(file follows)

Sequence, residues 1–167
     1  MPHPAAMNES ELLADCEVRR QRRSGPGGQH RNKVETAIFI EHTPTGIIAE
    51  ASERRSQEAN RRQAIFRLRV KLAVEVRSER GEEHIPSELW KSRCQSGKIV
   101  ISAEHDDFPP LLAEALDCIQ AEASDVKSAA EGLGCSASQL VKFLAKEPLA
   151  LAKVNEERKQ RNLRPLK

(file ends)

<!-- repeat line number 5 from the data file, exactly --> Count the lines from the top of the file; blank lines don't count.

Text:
   151  LAKVNEERKQ RNLRPLK